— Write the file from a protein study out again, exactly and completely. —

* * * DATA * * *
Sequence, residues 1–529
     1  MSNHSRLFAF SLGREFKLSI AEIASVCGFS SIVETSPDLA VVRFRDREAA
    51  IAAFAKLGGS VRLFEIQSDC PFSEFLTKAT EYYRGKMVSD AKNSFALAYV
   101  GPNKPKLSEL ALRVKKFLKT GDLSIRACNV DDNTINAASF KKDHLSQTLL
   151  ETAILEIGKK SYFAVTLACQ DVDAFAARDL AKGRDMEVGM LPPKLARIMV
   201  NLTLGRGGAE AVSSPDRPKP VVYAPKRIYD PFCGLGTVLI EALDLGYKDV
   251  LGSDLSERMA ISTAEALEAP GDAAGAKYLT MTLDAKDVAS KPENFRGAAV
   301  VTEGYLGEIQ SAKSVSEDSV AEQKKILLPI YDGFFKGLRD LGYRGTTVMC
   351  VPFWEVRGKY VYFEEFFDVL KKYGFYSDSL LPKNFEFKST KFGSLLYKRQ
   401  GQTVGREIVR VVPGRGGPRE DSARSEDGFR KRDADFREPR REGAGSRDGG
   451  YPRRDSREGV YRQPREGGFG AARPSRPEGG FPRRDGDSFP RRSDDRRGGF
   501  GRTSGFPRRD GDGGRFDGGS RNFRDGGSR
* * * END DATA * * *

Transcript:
Sequence, residues 1–529
     1  MSNHSRLFAF SLGREFKLSI AEIASVCGFS SIVETSPDLA VVRFRDREAA
    51  IAAFAKLGGS VRLFEIQSDC PFSEFLTKAT EYYRGKMVSD AKNSFALAYV
   101  GPNKPKLSEL ALRVKKFLKT GDLSIRACNV DDNTINAASF KKDHLSQTLL
   151  ETAILEIGKK SYFAVTLACQ DVDAFAARDL AKGRDMEVGM LPPKLARIMV
   201  NLTLGRGGAE AVSSPDRPKP VVYAPKRIYD PFCGLGTVLI EALDLGYKDV
   251  LGSDLSERMA ISTAEALEAP GDAAGAKYLT MTLDAKDVAS KPENFRGAAV
   301  VTEGYLGEIQ SAKSVSEDSV AEQKKILLPI YDGFFKGLRD LGYRGTTVMC
   351  VPFWEVRGKY VYFEEFFDVL KKYGFYSDSL LPKNFEFKST KFGSLLYKRQ
   401  GQTVGREIVR VVPGRGGPRE DSARSEDGFR KRDADFREPR REGAGSRDGG
   451  YPRRDSREGV YRQPREGGFG AARPSRPEGG FPRRDGDSFP RRSDDRRGGF
   501  GRTSGFPRRD GDGGRFDGGS RNFRDGGSR